It’s time to face the facts: Major shifts in technology, consumer behavior, and media have changed the marketing department and its chief marketing officer forever. More than ever before, the CMO is expected to move beyond traditional responsibilities and optimize marketing’s contribution to overall business revenue and goals. The path forward is clear: Today’s marketer must become a modern businessperson first.
Marketers are now responsible for more than just building the brand. In addition to having traditional marketing, public relations, and brand skills, the new business-focused CMO needs to be part thought leader, part strategist, part industry analyst, part emerging technology junkie, part finance executive, and part team and culture builder. The CMO must be able to look at the landscape and identify opportunities for growth. Under this expanded focus, the CMO becomes much more than just a marketing leader; he or she will inevitably take on an increasingly crucial and strategic role in moving the business forward.
This increased influence in the C-suite is not without its own set of challenges. Chief marketers often find themselves in a position where they need to find new ways to remain valuable. Additionally, more visibility commonly means more scrutiny from the CEO and board. How do CMOs succeed in this environment? They need to focus on six key skills.
1. Fostering agility: Agility is not an option; it is a necessity. Marketers can no longer push their own agendas but rather must become part of the nonstop conversations taking place in and around the brand. This means preparing for and responding to market, societal, political, and technology issues in real time. To achieve true agility, CMOs must fundamentally change the way marketing departments have traditionally worked, implementing processes and structures that allow for fast yet thoughtful shifts in strategy whenever and wherever needed.
2. Employing emerging technology: Not only do CMOs have to understand and utilize new marketing technologies such as automation, they also have to be part of the team who analyzes the implication of new technologies on the company’s business. Technological savviness goes beyond an understanding of digital channels and social media. The best CMOs can leverage data to identify patterns and draw actionable insights that address changes in customer behavior. Additionally, they can use data to connect business success with marketing activities.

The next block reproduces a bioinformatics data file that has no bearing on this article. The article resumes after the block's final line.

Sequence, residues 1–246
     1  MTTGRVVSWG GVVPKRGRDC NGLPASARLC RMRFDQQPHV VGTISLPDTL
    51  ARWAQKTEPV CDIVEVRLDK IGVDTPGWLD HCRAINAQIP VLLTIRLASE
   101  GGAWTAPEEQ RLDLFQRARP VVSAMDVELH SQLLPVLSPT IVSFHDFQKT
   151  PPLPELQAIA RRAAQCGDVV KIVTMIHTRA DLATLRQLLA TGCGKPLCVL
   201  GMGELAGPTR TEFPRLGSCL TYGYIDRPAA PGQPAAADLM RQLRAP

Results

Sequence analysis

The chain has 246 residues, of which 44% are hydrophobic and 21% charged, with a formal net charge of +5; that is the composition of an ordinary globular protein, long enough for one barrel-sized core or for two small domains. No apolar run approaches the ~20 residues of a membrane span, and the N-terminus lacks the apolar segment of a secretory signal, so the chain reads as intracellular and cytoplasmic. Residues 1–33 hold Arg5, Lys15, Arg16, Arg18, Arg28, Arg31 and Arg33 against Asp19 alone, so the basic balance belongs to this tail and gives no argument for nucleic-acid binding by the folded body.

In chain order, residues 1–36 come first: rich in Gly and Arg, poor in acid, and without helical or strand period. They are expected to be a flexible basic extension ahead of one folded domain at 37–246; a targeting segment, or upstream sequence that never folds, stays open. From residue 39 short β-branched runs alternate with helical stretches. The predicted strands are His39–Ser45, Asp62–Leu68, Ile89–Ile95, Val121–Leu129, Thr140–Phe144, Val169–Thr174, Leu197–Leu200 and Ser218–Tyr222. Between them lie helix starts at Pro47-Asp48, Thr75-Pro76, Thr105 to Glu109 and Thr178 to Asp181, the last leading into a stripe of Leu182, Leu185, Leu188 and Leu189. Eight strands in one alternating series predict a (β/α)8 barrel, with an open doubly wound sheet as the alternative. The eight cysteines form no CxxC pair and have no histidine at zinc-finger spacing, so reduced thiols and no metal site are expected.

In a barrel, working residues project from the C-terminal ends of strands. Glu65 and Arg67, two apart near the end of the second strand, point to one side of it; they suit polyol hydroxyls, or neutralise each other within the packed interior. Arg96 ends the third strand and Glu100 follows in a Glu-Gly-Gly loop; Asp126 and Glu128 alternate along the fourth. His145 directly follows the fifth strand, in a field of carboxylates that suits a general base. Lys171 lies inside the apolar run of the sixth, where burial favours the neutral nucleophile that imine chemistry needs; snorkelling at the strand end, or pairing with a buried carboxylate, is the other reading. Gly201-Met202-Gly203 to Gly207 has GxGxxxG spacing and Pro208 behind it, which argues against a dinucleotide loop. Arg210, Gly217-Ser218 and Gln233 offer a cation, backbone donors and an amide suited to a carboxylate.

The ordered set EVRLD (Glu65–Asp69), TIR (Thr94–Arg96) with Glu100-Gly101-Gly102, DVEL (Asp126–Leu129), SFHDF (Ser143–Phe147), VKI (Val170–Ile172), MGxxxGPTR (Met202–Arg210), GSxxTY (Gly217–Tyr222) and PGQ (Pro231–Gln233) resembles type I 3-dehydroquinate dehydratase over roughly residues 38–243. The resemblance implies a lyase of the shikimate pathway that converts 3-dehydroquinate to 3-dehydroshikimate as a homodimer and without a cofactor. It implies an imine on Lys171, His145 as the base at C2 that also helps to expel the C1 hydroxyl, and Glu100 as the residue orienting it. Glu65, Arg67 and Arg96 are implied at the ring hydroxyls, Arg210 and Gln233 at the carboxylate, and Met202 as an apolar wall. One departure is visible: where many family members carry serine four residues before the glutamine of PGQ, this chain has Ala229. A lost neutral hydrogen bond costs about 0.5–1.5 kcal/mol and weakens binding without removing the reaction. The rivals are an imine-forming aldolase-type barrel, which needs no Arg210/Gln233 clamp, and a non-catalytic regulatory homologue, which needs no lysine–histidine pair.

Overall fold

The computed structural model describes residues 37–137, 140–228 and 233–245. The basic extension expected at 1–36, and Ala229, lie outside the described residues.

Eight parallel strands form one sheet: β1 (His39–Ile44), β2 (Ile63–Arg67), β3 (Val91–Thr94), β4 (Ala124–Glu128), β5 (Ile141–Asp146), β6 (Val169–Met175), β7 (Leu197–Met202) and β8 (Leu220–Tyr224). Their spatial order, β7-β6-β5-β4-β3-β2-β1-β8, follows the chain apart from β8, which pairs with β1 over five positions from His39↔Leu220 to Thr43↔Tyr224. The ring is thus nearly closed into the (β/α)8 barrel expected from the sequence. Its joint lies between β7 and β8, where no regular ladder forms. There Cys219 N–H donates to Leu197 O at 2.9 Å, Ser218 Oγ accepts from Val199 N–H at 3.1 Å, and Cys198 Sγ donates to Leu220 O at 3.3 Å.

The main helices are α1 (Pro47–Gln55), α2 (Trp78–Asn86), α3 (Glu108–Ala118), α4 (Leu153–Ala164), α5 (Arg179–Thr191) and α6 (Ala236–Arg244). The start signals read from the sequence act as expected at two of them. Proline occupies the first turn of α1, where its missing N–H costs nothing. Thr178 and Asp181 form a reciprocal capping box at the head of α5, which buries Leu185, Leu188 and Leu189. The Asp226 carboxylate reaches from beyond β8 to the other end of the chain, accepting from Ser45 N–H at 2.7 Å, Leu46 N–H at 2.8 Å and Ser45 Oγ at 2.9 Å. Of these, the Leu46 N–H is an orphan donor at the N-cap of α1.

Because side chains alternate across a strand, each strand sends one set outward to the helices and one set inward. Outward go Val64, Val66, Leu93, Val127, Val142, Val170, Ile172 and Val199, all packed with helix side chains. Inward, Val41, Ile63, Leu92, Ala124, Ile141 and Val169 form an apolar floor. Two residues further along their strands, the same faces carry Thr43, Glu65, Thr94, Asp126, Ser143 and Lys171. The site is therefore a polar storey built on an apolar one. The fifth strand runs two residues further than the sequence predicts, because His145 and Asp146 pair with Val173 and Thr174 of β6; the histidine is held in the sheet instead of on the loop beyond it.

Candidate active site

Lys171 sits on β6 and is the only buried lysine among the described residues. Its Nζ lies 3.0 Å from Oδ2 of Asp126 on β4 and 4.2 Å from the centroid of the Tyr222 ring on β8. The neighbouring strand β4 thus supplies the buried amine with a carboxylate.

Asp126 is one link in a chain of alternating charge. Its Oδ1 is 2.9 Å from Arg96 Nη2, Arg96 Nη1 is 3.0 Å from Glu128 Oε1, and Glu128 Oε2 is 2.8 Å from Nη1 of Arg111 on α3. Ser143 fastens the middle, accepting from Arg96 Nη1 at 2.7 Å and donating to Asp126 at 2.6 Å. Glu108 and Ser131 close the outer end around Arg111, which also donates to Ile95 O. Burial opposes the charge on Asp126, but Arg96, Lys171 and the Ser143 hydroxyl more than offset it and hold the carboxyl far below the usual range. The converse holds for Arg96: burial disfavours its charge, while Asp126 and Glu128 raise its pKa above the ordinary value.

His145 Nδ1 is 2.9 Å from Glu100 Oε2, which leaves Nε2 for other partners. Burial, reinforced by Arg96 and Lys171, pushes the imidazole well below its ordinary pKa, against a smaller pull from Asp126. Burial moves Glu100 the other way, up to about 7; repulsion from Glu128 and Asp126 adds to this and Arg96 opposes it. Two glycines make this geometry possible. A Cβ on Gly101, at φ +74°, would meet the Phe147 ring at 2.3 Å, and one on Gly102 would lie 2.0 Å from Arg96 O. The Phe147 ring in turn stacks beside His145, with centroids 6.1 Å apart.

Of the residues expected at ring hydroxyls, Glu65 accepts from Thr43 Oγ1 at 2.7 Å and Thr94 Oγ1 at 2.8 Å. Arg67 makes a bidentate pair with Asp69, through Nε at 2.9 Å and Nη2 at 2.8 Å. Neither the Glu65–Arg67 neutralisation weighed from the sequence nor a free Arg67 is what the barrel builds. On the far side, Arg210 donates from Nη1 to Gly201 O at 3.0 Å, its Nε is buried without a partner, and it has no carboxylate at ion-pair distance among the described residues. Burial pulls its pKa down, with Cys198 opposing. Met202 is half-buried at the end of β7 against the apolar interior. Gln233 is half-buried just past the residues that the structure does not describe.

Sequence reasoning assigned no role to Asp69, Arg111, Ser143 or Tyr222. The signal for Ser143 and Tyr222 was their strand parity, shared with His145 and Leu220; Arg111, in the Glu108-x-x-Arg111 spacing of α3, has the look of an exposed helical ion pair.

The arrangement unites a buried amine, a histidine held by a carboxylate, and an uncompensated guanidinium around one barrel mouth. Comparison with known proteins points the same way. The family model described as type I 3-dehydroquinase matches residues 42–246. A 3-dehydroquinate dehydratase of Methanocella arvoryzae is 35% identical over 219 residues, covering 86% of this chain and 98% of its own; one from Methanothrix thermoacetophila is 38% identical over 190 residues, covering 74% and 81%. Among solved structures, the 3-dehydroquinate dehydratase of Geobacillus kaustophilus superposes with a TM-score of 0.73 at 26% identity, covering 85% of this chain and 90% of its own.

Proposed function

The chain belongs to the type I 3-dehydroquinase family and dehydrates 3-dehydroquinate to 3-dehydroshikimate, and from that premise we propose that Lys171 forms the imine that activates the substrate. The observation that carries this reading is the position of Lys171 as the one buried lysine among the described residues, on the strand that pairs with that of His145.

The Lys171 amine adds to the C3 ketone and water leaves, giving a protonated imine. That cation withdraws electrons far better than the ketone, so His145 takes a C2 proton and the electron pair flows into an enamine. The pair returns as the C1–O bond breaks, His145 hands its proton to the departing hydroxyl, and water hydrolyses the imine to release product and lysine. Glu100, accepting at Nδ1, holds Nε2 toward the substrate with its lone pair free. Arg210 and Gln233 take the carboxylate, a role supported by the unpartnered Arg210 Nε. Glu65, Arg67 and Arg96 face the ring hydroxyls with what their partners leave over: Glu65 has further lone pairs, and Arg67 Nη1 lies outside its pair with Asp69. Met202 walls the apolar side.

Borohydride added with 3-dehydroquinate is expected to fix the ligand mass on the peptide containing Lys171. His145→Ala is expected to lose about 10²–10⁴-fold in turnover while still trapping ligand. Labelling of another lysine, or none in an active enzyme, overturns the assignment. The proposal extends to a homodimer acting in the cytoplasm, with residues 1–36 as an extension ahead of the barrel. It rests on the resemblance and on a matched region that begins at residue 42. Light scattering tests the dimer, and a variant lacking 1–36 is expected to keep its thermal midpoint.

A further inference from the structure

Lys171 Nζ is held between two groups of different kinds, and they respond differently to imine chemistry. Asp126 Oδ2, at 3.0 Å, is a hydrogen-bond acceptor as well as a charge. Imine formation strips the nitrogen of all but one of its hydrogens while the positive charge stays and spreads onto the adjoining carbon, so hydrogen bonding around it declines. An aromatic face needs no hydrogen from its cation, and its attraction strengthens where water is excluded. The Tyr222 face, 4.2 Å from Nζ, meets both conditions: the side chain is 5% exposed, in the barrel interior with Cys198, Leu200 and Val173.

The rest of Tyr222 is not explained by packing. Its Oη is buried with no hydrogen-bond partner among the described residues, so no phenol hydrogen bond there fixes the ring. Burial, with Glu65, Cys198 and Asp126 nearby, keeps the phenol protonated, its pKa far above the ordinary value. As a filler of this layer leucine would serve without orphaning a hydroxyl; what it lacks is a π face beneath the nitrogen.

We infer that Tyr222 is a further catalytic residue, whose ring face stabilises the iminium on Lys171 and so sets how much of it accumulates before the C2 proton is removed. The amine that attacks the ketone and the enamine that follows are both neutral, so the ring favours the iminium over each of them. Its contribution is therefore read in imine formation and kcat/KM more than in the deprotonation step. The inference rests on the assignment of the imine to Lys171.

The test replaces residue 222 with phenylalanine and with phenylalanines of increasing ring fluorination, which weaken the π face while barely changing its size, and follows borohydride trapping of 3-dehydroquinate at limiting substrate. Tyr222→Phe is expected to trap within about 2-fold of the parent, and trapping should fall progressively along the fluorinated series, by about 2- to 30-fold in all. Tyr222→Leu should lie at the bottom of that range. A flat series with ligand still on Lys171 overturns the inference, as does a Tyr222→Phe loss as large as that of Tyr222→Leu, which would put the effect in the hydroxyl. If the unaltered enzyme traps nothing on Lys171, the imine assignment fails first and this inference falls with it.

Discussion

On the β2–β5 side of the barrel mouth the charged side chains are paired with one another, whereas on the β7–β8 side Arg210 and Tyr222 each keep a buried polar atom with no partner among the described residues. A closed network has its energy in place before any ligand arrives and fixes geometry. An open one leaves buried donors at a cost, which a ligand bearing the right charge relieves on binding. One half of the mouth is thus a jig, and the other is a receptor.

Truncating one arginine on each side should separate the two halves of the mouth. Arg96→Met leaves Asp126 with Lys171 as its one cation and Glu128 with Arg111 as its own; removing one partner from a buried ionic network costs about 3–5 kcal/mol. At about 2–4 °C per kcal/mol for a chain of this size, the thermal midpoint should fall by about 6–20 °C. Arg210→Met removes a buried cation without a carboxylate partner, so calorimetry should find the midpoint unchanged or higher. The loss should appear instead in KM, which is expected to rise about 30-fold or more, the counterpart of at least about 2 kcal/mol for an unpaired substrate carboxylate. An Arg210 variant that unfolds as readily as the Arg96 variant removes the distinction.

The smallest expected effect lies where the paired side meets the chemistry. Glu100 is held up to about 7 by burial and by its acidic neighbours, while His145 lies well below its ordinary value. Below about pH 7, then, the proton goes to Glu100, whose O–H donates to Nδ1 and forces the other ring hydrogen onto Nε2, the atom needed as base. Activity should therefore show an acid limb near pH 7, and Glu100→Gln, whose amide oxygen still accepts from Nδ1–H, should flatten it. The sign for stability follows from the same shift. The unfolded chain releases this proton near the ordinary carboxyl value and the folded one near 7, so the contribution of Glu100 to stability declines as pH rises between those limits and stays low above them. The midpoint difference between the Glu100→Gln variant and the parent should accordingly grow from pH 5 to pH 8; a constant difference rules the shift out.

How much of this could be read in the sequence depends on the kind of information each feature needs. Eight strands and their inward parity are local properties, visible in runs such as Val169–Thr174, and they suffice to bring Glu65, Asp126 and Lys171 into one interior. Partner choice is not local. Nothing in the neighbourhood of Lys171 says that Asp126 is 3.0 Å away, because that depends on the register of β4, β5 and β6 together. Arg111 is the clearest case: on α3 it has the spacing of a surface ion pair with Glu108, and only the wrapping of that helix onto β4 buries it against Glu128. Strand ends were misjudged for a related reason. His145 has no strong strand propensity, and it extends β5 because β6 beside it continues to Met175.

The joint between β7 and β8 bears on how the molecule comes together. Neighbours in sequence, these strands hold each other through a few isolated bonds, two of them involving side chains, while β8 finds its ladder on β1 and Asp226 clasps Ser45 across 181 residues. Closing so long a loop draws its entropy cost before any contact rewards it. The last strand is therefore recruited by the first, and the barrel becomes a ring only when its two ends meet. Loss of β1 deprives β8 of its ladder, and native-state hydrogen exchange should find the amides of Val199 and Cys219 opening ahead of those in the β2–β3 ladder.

3. Cultivating customer obsession: Sales and service enablement are now “must-haves” instead of “nice-to-haves” as marketing involves itself in the entire virtuous cycle. Equipped with a deep understanding of the customer’s view of the company and its products, the CMO must be the center of the customer experience, not only predicting the customer’s behavior but also continually improving how the business connects with the customer.
4. Advancing the brand voice: Style guides and similar tools are still required, but the real value is in connecting it to the company’s mission, values, corporate social responsibility efforts, and employee advocacy. Before, employee concerns were not considered part of marketing’s purview. However, in today’s business landscape, every employee and brand interaction has the ability to impact customer experience and shape perceptions of the product or service and, ultimately, the business itself. It’s critical that CMOs take the necessary steps to ensure a consistent brand voice inside and outside the organization.
5. Initiating strong storytelling: Some CMOs are hyper-focused on quantitative results. While these are critical (never underestimate marketing qualified leads!), the CMO must craft the qualitative business story. Creating meaningful and selective content that is differentiated and captures consumers’ attention in a few meaningful channels is an art that today’s CMO needs to bring to the business.
6. Taking on a multihyphenated role: Gone are the days when marketing departments could act in a silo. It’s not just about aligning marketing with various internal departments either; it's about aligning strategies and sharing information. The CMO needs to think not only like the chief marketer, but like the CEO, CFO, and more to drive business strategy, incorporate analytics and technologies appropriately, seamlessly integrate digital efforts, and be the all-around team player. Simply put, chief marketers need to be fully integrated into the business.
From informing technology-buying solutions to effectively communicating high-level business strategy, CMOs are integral to every part of the business. It’s no wonder we have seen so many CMOs elevate into the CEO role recently. Those who achieve success are the ones who instinctively put the overall business first and use their marketing prowess to help drive strategy and growth.